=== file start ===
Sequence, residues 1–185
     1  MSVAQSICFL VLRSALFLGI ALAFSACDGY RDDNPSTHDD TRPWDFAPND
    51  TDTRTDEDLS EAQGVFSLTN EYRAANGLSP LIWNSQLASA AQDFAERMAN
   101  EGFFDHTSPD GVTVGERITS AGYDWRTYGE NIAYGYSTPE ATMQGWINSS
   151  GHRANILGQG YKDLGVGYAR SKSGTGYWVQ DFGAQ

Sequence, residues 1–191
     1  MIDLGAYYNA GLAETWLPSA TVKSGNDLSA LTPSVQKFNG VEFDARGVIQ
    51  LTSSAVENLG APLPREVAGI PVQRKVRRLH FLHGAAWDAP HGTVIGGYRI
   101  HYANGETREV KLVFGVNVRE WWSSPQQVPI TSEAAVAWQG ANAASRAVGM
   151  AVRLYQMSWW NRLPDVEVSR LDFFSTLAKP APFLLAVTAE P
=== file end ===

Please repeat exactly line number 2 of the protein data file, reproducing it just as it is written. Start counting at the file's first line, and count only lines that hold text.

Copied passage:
     1  MSVAQSICFL VLRSALFLGI ALAFSACDGY RDDNPSTHDD TRPWDFAPND